By Stephen Young
By Stephen Young
By Stephen Young
By Jim Schutze
By Rachel Watts
By Lauren Drewes Daniels
But the Morning News employees in the ballroom were not told what really happened. According to sources in both Washington and Dallas--confirmed in an interview with Carl Leubsdorf--Jackson knew several hours before the story ever went out on the Web or onto the presses that there were problems with its sourcing.
In fact, according to more than one source who spoke to the Observer on condition of anonymity, the original source's law partner--the person who had supposedly been approached about representing the Secret Service agent in question--told Jackson emphatically at 5 p.m. Monday that the story he was planning to write was no good.
Confronted with the fact that the Observer knew about the 5 p.m. call, Leubsdorf conceded it had taken place, but he minimized the reservations expressed by the source's law partner in the call. Even at that, for a single-source story of this magnitude, any shakiness at all would have been enough to warn most serious reporters and editors off the story. For the most part, major media just don't do important stories based only on one unnamed source. As the Jackson story illustrates, single-source stories put the writer and publisher in far too vulnerable a position, especially on stories guaranteed to draw heavy retaliatory fire.
But if the single-source gaffe was bad enough, the News made matters infinitely worse by publishing the second story on January 28 in which it said it had been informed by its original source that the first story was "essentially correct"--a phrase immediately leapt on by pundits and politicians alike as a new form of moral corrosion. That night on CNN, Jim Warren of the Chicago Tribune called the "essentially correct" phrase "a troubling new standard." CBS correspondent Dan Rather asked White House spokesman Mike McCurry, "What is the biggest error, the single biggest mistake you believe has been reported in this case so far?"
"I--well, obviously, it has to be The Dallas Morning News story that was retracted," McCurry said, "because I think that's the only case that I'm aware of in which a news organization has just had to flat-out say, 'What we told our readers simply was not true, and it was based on erroneous information that we had from a single source.'"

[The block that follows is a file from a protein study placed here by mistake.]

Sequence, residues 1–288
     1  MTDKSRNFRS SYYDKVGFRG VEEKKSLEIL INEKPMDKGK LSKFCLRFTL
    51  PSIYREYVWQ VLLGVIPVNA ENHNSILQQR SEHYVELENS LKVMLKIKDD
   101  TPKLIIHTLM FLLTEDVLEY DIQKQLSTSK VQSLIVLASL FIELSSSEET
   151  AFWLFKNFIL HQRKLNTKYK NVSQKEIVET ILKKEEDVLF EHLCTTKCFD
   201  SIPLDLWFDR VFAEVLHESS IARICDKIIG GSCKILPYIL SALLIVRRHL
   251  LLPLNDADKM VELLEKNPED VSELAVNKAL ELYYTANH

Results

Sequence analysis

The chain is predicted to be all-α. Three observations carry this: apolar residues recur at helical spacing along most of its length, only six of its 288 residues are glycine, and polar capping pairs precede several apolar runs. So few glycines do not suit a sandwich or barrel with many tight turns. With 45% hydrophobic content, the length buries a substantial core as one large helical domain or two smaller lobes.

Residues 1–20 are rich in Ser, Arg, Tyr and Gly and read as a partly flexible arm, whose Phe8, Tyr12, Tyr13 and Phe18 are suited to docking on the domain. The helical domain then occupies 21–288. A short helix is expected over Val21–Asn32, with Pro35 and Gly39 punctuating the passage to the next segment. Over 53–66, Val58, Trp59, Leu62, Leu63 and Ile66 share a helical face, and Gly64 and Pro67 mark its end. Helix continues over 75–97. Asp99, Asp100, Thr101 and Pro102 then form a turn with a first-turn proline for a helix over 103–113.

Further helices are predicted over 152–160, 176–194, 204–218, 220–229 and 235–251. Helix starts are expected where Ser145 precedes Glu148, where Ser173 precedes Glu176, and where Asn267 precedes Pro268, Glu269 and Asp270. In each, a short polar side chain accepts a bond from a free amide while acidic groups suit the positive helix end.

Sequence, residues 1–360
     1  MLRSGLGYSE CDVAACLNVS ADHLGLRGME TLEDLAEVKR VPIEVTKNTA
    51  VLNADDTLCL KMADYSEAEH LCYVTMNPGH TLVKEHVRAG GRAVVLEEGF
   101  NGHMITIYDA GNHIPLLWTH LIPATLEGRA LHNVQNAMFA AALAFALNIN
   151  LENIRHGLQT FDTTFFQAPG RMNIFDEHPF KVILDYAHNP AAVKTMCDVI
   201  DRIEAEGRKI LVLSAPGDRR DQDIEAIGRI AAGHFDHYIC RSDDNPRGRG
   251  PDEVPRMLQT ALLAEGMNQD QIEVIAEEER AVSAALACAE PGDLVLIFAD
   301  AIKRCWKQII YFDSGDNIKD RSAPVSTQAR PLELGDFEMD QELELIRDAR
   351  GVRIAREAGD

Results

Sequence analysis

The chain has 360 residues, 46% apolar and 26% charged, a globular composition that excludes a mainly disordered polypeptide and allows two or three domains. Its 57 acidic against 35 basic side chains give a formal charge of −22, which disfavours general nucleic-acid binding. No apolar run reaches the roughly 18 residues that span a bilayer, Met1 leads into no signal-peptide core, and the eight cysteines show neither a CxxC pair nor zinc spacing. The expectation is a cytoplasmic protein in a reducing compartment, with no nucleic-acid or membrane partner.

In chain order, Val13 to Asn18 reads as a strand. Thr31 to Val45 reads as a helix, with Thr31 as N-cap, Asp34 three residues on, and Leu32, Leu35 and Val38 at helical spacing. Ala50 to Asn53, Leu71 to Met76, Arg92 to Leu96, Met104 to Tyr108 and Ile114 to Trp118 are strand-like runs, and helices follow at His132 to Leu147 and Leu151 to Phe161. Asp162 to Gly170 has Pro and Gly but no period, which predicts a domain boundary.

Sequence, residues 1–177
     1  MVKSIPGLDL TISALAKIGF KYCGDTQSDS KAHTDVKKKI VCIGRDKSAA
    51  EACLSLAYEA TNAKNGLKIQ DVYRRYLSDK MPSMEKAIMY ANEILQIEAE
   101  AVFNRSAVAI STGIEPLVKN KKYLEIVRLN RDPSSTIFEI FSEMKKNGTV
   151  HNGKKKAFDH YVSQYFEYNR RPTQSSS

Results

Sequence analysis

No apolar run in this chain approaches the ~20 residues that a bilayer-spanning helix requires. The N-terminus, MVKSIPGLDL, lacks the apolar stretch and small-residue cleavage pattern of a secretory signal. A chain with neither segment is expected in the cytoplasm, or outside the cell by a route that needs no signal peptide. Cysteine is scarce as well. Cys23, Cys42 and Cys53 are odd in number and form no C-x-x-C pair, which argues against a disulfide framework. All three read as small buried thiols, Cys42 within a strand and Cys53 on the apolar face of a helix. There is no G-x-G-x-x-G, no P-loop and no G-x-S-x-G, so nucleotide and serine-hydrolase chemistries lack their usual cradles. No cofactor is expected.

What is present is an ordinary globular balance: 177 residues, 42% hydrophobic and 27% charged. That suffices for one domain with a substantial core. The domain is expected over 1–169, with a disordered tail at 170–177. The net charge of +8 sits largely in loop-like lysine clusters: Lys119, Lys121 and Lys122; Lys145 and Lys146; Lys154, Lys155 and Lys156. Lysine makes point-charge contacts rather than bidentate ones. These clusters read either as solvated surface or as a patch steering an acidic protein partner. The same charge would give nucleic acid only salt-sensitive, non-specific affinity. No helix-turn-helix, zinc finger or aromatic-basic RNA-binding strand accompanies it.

The New York Times even devoted a story to the debacle, under the headline: "Retracting a Retraction, Self-Defense and Revelation."
"The Dallas Morning News," wrote Times reporter Janny Scott, "the newspaper that made news by becoming the first news gathering organization to officially retract a front-page story on the White House sex scandal, went itself one better yesterday and retracted the retraction. Sort of."
Meanwhile, behind the scenes, the favorite game was guessing who the News' source was. The wisdom of the Washington press corps was that the troublesome source was Joseph di Genova, a Washington lawyer who is carving a career in the lucrative land of TV talking heads. As the Observer has learned, the reporters' grapevine was correct.
The 52-year-old di Genova has sterling Republican connections, as evidenced by the fact that in 1983, Ronald Reagan appointed him U.S. attorney for the District of Columbia. While there, he was responsible for launching the investigation that eventually snared D.C. Mayor Marion Barry in a hotel room with a crack pipe. In 1992, he was appointed special counsel in charge of investigating whether the Bush administration broke any laws when it ordered up the passport records for then-candidate Clinton. In 1995, di Genova issued a report concluding no criminal conduct had occurred.
Di Genova is half of a Washington power couple. His wife, Victoria Toensing, is also a politically connected lawyer turned legal analyst. The former head of the Justice Department's anti-terrorism squad under Reagan, Toensing is, if anything, more famous than her husband. In 1991, following her successful prosecution of Palestinian Ur-terrorist Mohammed Rashid, she graced the cover of The New York Times magazine. Before her four-year stint as the highest-ranking woman in Reagan's Justice Department, she had served as special counsel to the Senate Intelligence Committee.
Toensing and di Genova practice law together, in between appearing on TV shows.
Toensing and di Genova refused to speak to the Observer on the record and would neither confirm nor deny details the Observer had learned elsewhere. "We have no comment," Toensing said. But multiple sources familiar with what happened that Sunday and Monday gave the Observer this chronology:
One of the pair, probably Toensing, was contacted by someone acting or claiming to act as an intermediary for a Secret Service agent who feared he or she might be subpoenaed to appear before the special prosecutor. Di Genova gleaned some version of what his wife had been told and repeated it to reporters, including on-the-air remarks he made that afternoon to television reporter Geraldo Rivera.
Shortly before 5 p.m. Monday, while di Genova was out on the talking-head circuit, Jackson called his office. Toensing answered, according to two sources. As soon as Toensing understood that Jackson intended to use the sex witness story in the next day's Morning News, she told him emphatically that the story was not true.